I heard this today at the winner's concert here in Seattle (on which I was definitely not performing), and I was very surprised at the piece. Apparently, it was originally, for two pianos, but I heard it performed by an amazing alto saxophonist and his accompanist.
What mainly surprised me was its simple harmony. I don't know much about Milhaud - I've only heard his concerto for percussion, but I thought he wrote with a much more modern, atonal, and, for lack of a better word, weird style. Instead, the three movements of "Scaramouche" all had simple, very tonal harmonies and a style that is very easy to listen to.
Movement 1, "Vif," sounded almost like cartoon music. It uses what I think is just a I-vi-ii-V progression with the pianist playing a stride-style accompaniment. Though the piece ventures into some foreign keys at times, it always returns to that progression, which is the center of the piece.
Movement 2, "Modere," also has a simple harmony. The main progression is just I-V7-V-I. It's in Bb, and the top voice in the piano always plays D-Eb-C-D in a very standard voicing of these chords. If I had heard this piece without a program, I would've guessed it was from the classical era by the simpicity of it.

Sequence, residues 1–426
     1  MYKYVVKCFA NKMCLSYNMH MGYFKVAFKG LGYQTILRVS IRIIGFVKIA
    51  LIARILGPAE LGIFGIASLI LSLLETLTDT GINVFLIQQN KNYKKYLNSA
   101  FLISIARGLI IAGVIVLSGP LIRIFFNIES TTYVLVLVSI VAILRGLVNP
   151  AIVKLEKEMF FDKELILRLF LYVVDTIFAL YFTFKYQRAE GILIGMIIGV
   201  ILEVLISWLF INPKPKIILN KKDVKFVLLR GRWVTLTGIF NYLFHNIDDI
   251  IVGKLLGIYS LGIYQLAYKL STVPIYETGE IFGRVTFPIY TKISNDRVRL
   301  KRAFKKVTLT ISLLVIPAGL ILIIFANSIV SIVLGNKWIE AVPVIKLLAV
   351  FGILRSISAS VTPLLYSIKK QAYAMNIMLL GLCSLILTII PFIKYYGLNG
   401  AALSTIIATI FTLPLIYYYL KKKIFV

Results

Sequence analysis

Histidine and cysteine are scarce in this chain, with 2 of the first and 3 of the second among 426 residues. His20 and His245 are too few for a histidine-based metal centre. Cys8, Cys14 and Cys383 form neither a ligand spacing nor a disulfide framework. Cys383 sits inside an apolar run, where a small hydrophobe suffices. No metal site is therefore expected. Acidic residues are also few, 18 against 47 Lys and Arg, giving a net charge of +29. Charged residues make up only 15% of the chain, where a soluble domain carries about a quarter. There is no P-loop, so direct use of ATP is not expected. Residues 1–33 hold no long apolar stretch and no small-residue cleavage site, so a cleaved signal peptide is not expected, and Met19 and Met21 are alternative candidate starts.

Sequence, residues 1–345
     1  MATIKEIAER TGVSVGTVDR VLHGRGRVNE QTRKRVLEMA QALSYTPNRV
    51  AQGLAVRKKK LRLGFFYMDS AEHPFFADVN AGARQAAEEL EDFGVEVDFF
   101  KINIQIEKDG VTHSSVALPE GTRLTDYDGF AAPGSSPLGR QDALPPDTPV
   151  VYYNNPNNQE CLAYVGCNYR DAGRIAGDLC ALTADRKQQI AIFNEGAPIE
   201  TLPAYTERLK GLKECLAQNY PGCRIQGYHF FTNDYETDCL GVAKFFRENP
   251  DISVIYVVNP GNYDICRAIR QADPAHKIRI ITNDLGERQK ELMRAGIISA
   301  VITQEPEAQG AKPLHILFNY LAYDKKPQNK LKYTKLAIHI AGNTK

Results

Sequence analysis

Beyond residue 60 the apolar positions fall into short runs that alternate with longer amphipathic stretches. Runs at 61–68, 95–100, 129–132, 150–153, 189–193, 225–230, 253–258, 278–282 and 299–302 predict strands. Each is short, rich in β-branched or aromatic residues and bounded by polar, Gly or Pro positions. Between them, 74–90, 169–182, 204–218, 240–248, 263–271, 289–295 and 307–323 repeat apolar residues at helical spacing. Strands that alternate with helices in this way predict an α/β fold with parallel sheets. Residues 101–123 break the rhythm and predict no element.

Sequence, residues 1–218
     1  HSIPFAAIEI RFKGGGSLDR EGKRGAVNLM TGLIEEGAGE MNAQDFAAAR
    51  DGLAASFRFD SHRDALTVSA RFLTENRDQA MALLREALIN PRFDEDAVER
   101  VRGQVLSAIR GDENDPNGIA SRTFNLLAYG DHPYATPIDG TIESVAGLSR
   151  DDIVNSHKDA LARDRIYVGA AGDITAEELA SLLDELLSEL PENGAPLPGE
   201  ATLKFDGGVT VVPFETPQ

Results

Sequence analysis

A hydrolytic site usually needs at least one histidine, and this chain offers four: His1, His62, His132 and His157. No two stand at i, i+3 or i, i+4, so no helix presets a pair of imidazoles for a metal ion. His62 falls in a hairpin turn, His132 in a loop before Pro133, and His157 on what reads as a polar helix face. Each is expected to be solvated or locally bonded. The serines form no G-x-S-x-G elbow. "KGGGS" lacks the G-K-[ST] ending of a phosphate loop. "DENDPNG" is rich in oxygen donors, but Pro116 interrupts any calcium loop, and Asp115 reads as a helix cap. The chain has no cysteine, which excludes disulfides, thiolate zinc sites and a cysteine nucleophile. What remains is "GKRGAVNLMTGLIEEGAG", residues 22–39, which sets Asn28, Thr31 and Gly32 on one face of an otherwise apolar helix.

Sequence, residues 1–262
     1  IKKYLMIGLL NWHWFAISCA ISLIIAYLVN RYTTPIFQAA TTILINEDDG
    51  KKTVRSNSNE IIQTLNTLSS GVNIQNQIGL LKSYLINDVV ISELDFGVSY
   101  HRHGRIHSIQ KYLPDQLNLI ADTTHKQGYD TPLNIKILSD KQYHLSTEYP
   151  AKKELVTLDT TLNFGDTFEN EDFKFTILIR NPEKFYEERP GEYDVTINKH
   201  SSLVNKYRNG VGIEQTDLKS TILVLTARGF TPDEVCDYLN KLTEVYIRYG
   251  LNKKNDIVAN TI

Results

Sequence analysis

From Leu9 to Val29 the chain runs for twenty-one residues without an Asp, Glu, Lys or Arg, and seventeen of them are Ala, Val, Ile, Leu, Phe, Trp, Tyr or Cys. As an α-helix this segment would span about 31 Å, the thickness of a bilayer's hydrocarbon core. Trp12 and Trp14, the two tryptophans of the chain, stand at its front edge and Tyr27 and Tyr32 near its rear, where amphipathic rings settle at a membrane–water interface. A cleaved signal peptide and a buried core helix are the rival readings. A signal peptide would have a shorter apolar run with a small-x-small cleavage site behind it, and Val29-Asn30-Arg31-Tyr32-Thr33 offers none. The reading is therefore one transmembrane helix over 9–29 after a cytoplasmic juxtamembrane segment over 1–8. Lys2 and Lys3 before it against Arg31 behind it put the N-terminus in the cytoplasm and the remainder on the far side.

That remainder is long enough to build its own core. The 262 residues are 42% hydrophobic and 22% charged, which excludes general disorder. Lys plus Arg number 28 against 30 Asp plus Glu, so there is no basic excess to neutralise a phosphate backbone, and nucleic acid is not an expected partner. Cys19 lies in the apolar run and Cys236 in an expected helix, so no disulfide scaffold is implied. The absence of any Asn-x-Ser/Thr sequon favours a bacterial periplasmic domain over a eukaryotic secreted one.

Movement 3, "Brazileira," is based on a Latin rhythm: 1 + (2) + (3+) 4, which is almost like the first bar of 3-2 clave. It's also pretty straightforward.
The piece made me feel happy for a couple of reasons. First of all, I was very happy to find more 20th century music that is not completely crazy and atonal. I don't enjoy a lot of the more experimental music of recent times, and I really admire composers that are able to compose stuff that appeals to a simple ear while sounding modern.
Aside from my intellectual delight, the piece made me happy because that's the mood Milhaud expresses. The first movement seems like it represents childish, innocent pleasure in life, while the second movement is a more calm, reflective joy, while the third is sassy yet still lively and joyful. I will definitely look into the music of Milhaud more in depth... his percussion music left me with a much different impression.